Ed Cassidy - Putnam Sentinel
Ed Cassidy, owner of Hawkey's Pharmacy. (File photo)

COLUMBUS GROVE — First opened by George Hawkey in 1948, Hawkey’s Pharmacy’s final day of business will be Saturday, April 21, following approximately 70 years in business.

According to the Ohio Pharmacists Association (OPA), this closing is not that unusual of an event these days in the state of Ohio. As reported in the Dayton Daily News in August of 2017, Ohio lost a net of 165 independent pharmacies in a two-year period, the sharpest decline ever reported per the OPA.

“The state’s reimbursement for Medicaid is just unsustainable,” said Hawkey’s owner Ed Cassidy regarding the closing. Though he emphasized that it was a handful of events that lead to the decision to close.

“Four things hit me this year that just made it so something had to change,” Cassidy said. “St. Rita’s locked us out of their plan. Their patients have to go to St. Rita’s hospital for their prescriptions. Then, the medicaid reimbursements just went to nothing. You’re making twenty-five cents per sale. You fill 80 prescriptions at 25 cents, it doesn’t pay the light bill. Those were the two in the pharmacy business.”

“Then, actually, the bank got their new building and they moved out of downtown,” continued Cassidy. “Now, all those people who used to park right back here, where it’s convenient to walk-in, are now over there. So, do you make two left turns and try to find a parking space, or do you drive down to the other retail store that opened up. And, that was the other thing, the retail store that opened up, we just can’t compete with what people perceive as the benefit from them.”

“So those things pretty much made [the business] unsustainable by itself,” said Cassidy “By combining with Riley Creek, I think that’s the best case scenario for what we can do. It’s still a small, independent pharmacy, with the values of a small town. It’s close. It’s seven miles away. It’s the closest pharmacy to our store. It’s easy to park, it’s not like trying to parallel park out here. And, the people there, I’ve known them for years, they’re great. I’m so comfortable with them, and I know they care. That’s kind of what made it the best option for us.”

When speaking with Amy Myers of Riley Creek Pharmacy, she echoed many of these same sentiments expressed by Cassidy, saying, “We are excited to welcome the Columbus Grove customers. We’re the closest pharmacy now, and we’ll give them the same service they’ve come to expect from Ed. I’ve known Ed since 1995, and we’ve always had a good working relationship.”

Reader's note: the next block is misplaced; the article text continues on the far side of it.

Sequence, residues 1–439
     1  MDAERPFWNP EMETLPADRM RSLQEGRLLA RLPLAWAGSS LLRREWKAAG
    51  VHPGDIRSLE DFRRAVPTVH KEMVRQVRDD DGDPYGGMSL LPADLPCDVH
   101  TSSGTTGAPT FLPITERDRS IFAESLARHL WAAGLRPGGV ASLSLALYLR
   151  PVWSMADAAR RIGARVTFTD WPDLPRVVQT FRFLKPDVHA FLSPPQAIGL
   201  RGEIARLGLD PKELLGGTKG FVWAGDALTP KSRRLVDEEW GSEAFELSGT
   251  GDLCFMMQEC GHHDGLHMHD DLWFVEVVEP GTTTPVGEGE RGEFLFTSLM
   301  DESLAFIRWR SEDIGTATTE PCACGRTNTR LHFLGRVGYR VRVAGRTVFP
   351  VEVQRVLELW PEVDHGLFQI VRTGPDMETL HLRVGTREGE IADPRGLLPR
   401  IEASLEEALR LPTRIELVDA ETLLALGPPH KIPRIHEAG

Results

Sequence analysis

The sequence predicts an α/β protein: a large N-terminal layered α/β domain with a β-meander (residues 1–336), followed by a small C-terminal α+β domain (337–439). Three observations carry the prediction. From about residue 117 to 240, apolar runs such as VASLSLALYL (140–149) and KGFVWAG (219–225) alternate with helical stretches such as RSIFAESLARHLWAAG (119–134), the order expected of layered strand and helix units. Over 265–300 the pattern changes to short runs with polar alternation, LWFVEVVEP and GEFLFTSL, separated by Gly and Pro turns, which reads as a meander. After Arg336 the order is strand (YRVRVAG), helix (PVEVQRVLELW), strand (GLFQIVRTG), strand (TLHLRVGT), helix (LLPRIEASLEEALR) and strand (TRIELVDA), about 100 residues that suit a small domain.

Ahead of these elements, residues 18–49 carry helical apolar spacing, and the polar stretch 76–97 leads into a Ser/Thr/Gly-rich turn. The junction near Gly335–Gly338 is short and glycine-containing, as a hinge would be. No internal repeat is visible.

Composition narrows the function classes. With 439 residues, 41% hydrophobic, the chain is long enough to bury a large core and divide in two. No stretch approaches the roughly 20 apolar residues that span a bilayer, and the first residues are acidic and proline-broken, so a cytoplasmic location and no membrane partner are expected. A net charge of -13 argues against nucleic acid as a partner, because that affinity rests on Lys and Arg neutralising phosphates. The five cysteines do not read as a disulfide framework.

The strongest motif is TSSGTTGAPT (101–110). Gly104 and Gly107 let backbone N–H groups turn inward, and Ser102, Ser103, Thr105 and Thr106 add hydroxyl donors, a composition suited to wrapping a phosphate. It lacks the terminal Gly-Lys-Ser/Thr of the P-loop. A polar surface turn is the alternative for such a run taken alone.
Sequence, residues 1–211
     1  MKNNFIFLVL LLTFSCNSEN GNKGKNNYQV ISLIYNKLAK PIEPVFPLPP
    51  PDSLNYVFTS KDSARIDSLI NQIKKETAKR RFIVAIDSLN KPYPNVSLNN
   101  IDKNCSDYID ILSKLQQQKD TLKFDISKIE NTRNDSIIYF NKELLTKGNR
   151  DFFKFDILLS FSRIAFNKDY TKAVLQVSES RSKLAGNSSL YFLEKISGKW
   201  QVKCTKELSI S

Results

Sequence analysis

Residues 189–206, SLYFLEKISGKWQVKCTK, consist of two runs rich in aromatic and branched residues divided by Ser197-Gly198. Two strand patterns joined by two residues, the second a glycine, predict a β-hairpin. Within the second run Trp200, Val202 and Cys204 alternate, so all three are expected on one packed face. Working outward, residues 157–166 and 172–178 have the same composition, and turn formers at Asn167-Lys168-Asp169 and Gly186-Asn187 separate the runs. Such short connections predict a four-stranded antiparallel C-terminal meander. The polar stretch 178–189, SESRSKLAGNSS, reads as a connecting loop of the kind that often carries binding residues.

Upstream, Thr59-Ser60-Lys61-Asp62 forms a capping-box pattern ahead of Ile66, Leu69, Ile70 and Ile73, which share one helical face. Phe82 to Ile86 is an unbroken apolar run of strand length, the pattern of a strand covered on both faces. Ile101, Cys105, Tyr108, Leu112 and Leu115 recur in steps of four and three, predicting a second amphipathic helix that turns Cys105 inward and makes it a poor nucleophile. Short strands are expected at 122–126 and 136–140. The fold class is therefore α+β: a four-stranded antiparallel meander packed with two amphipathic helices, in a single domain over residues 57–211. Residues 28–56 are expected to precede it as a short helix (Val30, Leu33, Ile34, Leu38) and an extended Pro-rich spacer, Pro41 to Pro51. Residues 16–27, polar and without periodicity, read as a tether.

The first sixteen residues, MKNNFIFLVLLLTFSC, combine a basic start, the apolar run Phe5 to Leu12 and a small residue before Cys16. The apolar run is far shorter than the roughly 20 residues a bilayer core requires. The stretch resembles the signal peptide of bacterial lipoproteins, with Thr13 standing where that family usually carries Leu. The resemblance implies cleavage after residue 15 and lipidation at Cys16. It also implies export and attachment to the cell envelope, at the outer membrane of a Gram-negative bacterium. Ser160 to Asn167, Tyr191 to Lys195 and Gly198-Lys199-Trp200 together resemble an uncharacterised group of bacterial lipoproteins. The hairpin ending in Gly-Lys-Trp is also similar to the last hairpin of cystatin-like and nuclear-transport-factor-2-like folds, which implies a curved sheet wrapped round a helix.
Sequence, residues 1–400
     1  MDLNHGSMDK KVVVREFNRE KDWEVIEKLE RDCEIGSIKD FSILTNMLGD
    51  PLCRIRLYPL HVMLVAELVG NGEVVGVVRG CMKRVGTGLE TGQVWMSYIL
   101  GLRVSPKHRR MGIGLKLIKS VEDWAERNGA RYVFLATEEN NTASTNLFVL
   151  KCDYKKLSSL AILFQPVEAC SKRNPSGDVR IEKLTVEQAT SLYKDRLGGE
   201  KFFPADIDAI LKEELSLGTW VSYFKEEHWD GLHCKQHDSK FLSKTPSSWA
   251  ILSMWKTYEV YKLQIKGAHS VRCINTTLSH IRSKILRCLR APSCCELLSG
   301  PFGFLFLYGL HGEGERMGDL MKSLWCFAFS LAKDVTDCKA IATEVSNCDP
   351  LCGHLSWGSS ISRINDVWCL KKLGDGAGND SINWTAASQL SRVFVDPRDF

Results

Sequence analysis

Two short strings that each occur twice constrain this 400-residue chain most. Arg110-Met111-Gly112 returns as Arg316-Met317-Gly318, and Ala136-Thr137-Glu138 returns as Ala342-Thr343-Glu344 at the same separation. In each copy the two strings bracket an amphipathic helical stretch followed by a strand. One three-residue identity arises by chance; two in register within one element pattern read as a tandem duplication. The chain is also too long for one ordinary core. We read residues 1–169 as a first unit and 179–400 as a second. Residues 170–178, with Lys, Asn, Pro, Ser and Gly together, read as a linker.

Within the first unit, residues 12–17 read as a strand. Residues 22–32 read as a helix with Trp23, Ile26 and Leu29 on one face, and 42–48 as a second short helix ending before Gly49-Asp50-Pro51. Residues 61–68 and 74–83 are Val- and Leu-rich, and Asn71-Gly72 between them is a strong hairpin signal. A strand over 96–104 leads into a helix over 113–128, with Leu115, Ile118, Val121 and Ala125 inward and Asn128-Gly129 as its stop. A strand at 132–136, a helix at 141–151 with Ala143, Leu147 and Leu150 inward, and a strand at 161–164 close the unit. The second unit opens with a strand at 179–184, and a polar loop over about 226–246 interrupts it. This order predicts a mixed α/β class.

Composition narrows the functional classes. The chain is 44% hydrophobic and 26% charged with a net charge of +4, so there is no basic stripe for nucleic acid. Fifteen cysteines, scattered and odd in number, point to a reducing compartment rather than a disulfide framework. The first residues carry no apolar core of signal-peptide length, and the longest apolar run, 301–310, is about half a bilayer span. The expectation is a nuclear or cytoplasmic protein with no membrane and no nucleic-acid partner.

Both Myers and Cassidy emphasized that Hawkeye’s customers will already have their prescriptions on file at Riley Creek, including refills, when the changeover occurs. Riley Creek Pharmacy will also be reaching out to area doctor’s offices to inform them of the change, and those offices are able to submit prescriptions to Riley Creek now if they like. The community is also invited to Riley Creek Pharmacy on April 23 for an open house. The pharmacy is located at 112 E. Main Street in Pandora, and can be reached by calling: 419-384-3303.

“People can come in, take a look around and get used to it,” said Cassidy. “It should be a seamless transition. The files will be transferred over there. I’ll be there. Joy [Stechschulte] will be there.”

“That’s the plan,” Cassidy continues. “I wanted to be eighty-years-old and passing it onto somebody else. In fact, my son’s attending pharmacy school…” Cassidy’s emotions suddenly interrupt his thoughts. The emotions of a man who clearly believes he is doing what is best for his business. Proud of what he has accomplished through 14 years of ownership, Cassidy makes no attempt to hide how he feels about this chapter’s end.

“It’s just not…It’s just not feasible with what the reimbursement rates are and with things being the way it is. We’ve been trying to tell people [about the closing]. I’d rather do that than send out a form letter. I’ve read articles of these other pharmacies that closed. People walk-in one day and there’s a sign on the door. I never wanted to do business that way.”

When asked if there was one thing he wanted the community of Columbus Grove to know, Cassidy responds, “That their care won’t change. Like I said, I really believe in small town pharmacy. That’s the main thing. [My customers] are going to get the same level of care as I would want to give my grandparents.”